What happens after an artist devotes two years to working on exhibitions that come to an end? For John Dreyfuss, sculptor of elegant iconic forms, it means returning to push the limits of those forms, and relearning how to work in the studio eight hours a day. For any artist, that would seem like an assignment in paradise; Dreyfuss’s studio is unlike any other.
Housed in a nearly block-long, 18th-century building on the edge of Georgetown, the vast space occupies a hillside above the Potomac River. Grand stairs lead to the 60-foot-wide underground studio, straddling heaven and earth. Light washes over Dreyfuss’s three-dimensional kingdom: Working models of larger-than-life lions command attention between towering columns. Oversized vases, statuesque implements, a massive bone form line up like colossal chess pieces, poised to move.
“The monumental scale of the studio is so perfect for what I do,” Dreyfuss reflects with gratitude and wonder. “Just to be in a space like this is such a gift, to have the ability to step back and see the work at different sizes. My work has evolved because of this luxury of space.”
In harmony with the building’s timeless classical architecture, Dreyfuss’s work distills epochs of art history. His animal forms reference images ranging from ancient Egyptian to renderings by Michelangelo and Picasso. The graceful curves of musical instruments painted on Greek vases are revived in his lyre sculptures. Stone Age tools have served along with sleek, stealthy submarines as touchstones in the artist’s 30-year quest, as he says, “to make beautiful objects in shapes that move me.”
Dreyfuss’s sculptures have become landmarks in a city of monuments. His 14-foot bronze “Solomon’s Gates” frames the entrance to the James Monroe Building on Pennsylvania Avenue. Life-size baseball players take permanent positions in his “Full Count” sculpture at the Federal Reserve building gardens on Virginia Avenue. Dreyfuss’s official Key to the Federal City of Washington, DC, created in 2002 for former Mayor Anthony Williams, led to more recent requests from Presidents Clinton and Obama for lyre and dove sculptures, to be presented as Presidential gifts.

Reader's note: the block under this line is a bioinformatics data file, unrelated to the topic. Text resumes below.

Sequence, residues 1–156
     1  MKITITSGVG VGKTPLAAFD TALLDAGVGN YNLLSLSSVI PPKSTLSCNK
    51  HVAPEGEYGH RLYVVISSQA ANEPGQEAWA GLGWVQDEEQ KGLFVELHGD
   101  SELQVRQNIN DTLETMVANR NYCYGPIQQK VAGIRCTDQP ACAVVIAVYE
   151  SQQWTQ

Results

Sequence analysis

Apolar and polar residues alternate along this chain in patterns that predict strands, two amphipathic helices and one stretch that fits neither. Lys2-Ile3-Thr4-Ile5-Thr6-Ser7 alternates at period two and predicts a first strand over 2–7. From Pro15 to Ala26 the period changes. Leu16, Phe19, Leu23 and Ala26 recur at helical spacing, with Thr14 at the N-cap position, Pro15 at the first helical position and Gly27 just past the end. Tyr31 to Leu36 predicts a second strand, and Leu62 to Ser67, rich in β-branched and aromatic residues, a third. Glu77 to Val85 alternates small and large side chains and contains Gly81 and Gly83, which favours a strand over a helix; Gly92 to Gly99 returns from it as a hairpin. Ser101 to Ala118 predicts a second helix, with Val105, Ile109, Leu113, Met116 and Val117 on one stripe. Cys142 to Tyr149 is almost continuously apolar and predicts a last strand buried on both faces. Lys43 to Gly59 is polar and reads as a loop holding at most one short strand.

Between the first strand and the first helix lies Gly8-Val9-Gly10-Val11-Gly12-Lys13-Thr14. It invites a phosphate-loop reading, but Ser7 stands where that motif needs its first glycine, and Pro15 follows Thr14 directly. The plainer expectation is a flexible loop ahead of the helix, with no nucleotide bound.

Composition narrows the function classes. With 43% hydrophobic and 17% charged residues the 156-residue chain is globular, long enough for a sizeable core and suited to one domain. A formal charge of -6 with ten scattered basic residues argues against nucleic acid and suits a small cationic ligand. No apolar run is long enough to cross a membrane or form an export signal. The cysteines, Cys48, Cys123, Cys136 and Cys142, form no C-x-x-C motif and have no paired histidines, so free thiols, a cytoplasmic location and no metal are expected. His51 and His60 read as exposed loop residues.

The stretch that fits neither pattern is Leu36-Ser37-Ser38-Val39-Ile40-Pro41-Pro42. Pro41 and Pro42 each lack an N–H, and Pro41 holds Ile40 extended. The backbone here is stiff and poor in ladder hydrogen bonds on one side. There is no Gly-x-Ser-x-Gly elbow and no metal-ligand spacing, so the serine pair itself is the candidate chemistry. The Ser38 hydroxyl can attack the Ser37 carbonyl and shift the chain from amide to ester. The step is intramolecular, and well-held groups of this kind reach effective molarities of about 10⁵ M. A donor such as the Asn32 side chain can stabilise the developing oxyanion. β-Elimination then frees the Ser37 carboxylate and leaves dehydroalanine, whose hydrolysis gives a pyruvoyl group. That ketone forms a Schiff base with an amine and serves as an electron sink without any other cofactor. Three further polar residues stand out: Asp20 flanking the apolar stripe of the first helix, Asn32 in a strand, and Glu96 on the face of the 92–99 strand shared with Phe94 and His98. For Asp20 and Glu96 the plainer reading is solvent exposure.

A 22-foot-long vertebrae form remains an enduring relic from the sculptor’s exhibition at American University Museum’s Katzen Arts Center last year. Director Jack Rasmussen describes how Dreyfuss’s six white pieces transformed the austere concrete sculpture garden. “The space became charged like I’ve never seen it before, as if you were witnessing some Cycladian ritual with shapes pared down to the bare essentials,” he says, adding after a pause, “We kept waiting for the sun to set to reveal where the lost ark was buried.”
Dreyfuss received an architecture degree from the University of Pennsylvania in 1972 before attending Harvard’s Graduate School of Design to study sculpture. His architecture skills helped in restoring Halcyon House, the massive historic property where he works and lives. Dreyfuss compares this 17-year-construction odyssey—“slowly stripping away something to the armature, then slowly rebuilding from the ground up”—with the painstaking process of making sculpture.